(iii) Tender Muscular Points

A tender point was defined as point over a muscle/tendon which was tender and elicited a palpabral reflex on digital palpation. Bilateral digital palpation of the temporalis muscle, the masseter muscle, the lateral pterygoid muscle and the temporalis tendon was used for the registration of tender points. The number and site of injected tender points and the total amount of the study drug used were recorded. The assessment of tender muscle points was made prior to the assessment of range of movement.

(iv) Range of Movement

The distance between the edges of the right upper and the corresponding lower medial incisor was used for the measurements of maximum mouth opening. Both maximum opening with and without pain was registered.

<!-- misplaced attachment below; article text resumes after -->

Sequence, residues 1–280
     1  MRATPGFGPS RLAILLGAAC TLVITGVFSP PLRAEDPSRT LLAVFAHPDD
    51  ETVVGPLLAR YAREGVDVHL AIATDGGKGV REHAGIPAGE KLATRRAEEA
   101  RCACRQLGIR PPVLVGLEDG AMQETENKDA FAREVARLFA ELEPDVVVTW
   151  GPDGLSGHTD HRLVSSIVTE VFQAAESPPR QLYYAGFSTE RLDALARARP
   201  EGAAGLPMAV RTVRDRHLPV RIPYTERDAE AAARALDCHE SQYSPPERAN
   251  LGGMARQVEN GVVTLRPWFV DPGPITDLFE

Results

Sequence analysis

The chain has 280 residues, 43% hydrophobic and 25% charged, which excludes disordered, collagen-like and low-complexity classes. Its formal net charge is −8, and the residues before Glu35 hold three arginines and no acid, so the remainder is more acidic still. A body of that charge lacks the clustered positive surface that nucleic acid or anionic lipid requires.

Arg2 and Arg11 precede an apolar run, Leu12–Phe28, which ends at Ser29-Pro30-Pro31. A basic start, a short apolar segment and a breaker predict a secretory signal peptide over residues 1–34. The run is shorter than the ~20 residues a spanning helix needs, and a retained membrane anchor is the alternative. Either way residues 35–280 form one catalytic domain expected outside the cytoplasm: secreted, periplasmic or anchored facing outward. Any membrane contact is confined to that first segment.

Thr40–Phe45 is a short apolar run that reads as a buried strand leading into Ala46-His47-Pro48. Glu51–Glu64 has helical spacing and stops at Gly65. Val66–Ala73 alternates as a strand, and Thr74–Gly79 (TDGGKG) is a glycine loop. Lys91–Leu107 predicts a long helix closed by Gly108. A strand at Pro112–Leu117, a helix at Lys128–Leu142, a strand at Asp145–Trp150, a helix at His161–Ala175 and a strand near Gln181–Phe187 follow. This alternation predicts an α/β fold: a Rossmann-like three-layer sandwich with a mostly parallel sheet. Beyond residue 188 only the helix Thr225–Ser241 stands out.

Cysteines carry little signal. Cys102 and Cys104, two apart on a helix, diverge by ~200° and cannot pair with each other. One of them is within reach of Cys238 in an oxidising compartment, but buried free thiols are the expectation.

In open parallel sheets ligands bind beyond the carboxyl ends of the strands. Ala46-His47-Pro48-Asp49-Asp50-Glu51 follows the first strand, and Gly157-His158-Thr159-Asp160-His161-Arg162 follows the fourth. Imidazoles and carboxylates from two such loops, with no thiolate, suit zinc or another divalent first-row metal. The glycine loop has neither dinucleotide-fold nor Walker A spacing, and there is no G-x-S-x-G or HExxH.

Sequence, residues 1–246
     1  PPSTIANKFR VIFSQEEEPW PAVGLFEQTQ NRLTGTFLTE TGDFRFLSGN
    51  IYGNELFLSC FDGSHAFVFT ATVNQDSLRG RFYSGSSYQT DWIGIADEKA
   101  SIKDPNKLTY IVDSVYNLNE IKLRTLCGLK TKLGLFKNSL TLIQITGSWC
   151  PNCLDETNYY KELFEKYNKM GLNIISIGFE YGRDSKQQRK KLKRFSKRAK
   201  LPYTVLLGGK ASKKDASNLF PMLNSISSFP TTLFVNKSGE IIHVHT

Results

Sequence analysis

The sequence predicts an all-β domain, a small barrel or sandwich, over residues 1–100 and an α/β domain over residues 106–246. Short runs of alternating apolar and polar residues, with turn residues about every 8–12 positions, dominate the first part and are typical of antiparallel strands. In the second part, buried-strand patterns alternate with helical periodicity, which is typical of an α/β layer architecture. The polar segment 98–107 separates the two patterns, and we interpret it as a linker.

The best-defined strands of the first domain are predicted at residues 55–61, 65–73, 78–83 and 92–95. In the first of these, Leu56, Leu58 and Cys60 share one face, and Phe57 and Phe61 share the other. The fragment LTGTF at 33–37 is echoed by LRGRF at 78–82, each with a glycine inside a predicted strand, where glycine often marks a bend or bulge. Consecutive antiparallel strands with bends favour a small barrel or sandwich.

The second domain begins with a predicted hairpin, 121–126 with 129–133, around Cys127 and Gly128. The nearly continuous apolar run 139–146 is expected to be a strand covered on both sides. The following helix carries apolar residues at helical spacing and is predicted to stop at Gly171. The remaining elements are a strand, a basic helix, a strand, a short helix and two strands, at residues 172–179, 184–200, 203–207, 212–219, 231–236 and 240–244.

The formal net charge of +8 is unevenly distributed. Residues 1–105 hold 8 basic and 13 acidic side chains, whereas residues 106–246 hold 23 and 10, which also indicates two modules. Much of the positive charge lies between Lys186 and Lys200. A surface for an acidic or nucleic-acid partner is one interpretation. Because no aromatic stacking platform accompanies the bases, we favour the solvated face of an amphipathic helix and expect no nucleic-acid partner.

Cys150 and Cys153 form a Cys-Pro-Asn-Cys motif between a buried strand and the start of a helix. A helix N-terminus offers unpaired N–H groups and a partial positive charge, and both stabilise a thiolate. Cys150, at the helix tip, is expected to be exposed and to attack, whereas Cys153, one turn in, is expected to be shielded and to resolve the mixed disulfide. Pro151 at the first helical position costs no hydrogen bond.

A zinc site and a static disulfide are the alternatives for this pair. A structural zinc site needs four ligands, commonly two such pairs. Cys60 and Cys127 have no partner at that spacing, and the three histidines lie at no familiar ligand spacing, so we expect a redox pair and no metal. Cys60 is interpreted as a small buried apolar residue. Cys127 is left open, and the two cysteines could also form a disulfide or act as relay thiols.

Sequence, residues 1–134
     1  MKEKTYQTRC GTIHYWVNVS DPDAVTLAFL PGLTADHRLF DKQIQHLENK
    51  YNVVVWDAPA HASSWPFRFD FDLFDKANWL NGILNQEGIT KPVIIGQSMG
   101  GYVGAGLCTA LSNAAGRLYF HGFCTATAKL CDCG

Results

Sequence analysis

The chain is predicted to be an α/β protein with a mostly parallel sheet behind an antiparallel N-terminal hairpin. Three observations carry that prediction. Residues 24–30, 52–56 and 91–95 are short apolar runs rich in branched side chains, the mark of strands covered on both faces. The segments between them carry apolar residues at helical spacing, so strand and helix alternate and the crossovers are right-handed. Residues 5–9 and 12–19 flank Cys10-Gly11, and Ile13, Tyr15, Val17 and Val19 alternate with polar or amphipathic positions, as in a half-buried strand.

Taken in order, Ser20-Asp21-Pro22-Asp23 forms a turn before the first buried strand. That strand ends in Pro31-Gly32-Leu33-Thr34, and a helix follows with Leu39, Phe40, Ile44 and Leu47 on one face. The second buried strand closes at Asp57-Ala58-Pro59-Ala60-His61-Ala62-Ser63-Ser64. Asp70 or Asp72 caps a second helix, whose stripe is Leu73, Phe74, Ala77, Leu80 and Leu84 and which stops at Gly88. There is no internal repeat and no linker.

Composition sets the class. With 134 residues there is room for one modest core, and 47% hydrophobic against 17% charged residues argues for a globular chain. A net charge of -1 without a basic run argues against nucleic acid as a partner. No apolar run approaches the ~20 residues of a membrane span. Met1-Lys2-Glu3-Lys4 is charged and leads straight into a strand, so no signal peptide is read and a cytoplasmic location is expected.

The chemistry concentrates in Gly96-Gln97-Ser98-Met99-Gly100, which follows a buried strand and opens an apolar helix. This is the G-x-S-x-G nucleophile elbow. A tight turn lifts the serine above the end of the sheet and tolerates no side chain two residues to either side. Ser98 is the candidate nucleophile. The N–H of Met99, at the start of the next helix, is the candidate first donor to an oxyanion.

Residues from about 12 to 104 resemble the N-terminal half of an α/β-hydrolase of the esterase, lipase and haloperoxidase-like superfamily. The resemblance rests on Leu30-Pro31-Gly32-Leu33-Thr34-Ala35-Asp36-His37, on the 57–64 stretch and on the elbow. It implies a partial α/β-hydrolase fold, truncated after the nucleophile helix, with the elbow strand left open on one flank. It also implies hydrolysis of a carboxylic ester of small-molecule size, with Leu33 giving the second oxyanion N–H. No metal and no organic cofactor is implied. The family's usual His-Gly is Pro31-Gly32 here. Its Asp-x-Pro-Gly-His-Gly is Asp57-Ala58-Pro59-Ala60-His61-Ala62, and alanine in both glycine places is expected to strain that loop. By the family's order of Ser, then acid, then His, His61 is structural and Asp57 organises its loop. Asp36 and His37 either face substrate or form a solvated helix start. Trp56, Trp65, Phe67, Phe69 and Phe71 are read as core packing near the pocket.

The primary efficacy parameter, VAS rated pain at maximal mouth opening, showed a dramatic reduction as a result of the treatment. The median VAS value at baseline was 59.5 mm compared to 6 mm at the follow-up. The data is shown in Table 1 below.

                         TABLE 1
Pain ratings using a 100 mm graded VAS at baseline and at 
                                      Pain at maximal jaw
                   Pain at rest             opening
              Baseline    Follow-up    Baseline    Follow-up
    Median      19.5         3.5        59.5         6
    Mean        33.3         3.7        59.3        27.3
    Min          3           0           8           0
    Max         89          16          95          75
    S.D.        31.05        4.83       24.73       32.34